The Relationship Between COVID-19 and Repetitive Thoughts on Anxiety and Sleep in Undergraduates
Stephanie Soto Rodriguez, Amanda K. Small, Mathew J. Zawadzki, Ph.D.
Department of Psychological Sciences, University of California, Merced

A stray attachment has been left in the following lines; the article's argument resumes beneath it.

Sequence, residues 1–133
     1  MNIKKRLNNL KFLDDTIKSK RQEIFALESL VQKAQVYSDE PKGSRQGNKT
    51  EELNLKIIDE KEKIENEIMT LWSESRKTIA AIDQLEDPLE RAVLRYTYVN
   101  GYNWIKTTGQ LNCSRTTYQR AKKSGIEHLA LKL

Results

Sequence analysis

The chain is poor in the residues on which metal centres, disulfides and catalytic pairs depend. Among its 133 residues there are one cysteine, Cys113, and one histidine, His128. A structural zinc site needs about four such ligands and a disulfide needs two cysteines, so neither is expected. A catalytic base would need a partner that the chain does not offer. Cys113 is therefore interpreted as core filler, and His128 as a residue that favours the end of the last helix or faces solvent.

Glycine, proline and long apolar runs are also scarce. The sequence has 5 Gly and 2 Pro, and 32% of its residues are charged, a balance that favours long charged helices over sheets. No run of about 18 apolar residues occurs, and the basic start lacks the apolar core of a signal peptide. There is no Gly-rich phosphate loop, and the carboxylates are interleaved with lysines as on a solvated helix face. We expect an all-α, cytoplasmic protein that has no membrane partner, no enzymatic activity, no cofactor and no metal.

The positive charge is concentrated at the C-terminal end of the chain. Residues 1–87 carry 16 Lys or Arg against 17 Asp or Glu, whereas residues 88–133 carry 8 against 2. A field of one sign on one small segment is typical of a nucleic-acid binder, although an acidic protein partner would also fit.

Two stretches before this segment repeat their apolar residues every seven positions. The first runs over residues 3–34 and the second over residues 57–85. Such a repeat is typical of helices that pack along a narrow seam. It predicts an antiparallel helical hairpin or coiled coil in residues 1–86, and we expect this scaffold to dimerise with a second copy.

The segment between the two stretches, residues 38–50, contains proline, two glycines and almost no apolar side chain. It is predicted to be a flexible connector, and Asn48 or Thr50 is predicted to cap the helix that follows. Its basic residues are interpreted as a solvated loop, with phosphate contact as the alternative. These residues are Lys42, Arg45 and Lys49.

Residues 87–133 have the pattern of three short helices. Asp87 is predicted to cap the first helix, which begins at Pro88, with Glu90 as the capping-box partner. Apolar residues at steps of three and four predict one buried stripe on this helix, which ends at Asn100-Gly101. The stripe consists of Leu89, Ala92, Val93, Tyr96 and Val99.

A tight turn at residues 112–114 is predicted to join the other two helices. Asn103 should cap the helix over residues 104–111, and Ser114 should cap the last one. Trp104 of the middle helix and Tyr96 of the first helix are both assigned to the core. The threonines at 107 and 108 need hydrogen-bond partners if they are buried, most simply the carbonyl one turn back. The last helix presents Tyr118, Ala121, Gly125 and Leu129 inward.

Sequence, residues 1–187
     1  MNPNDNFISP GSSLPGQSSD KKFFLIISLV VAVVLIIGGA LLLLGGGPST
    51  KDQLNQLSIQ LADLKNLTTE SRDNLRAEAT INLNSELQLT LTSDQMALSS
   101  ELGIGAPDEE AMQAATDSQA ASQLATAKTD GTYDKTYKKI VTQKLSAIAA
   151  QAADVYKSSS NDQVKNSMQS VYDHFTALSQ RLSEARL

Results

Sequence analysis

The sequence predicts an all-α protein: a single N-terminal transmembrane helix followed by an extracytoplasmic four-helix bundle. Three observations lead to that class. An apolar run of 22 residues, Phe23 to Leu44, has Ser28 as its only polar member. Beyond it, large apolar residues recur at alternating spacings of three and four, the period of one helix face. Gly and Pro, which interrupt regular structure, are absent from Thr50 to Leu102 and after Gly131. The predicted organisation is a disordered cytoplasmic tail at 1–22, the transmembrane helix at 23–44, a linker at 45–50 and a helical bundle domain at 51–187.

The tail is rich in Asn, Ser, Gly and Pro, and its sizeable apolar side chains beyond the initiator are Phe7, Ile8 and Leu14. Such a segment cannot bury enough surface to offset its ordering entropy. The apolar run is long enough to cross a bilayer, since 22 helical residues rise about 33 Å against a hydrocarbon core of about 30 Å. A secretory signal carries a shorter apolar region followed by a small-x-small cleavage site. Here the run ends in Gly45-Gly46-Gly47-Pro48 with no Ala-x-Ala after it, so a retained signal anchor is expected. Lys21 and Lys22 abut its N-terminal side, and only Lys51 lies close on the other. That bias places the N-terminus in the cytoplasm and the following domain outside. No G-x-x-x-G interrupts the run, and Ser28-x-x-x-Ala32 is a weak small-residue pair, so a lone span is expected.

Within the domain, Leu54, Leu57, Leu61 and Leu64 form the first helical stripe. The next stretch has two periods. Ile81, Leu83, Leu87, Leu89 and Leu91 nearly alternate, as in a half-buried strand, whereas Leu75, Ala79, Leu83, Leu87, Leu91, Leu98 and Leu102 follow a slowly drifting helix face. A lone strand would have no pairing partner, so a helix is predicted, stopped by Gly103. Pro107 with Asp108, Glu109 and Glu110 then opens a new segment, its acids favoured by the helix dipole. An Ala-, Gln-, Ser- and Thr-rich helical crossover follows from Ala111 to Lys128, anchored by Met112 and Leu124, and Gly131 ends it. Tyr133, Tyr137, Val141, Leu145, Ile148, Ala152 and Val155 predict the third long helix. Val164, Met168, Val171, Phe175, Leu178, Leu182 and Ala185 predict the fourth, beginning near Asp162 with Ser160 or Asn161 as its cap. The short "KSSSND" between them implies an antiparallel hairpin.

Worry and rumination have been found as overlapping forms of cognitions that are linked to anxiety and poor sleep quality. Research suggests people worry and ruminate more when stressed, which with the introduction of COVID-19 has heightened. Drawing from an ongoing data collection between February 2020 and March 2020, this study examines the dynamic change between rumination, worry, anxiety levels, and sleep quality during the emergence and escalation of COVID-19. Data was collected from undergraduates at the University of California, Merced. Participants included 55 women, 15 men, and 1 non-binary who were aged 18-28 (M = 20.56, SD = 2.00) years old. Participants enrolled in a two-week study where they completed measures of worry, rumination, and anxiety four times a day that were averaged together across days. Each person wore a Fitbit Charge 2 that assessed sleep duration each night. Using SPSS to conduct ANOVAs, we analyzed whether rumination and worry could predict anxiety and sleep. It was found that worry and anxiety had a significant relationship, r = .730, p < .001. Lastly, we analyzed whether specific dates corresponding to the increasing intensity of COVID-19 moderated the effect on worry and rumination on anxiety and sleep, which were no significant effects. The results hinted at future practical ways to study the relationship between rumination and worry with added stressors.
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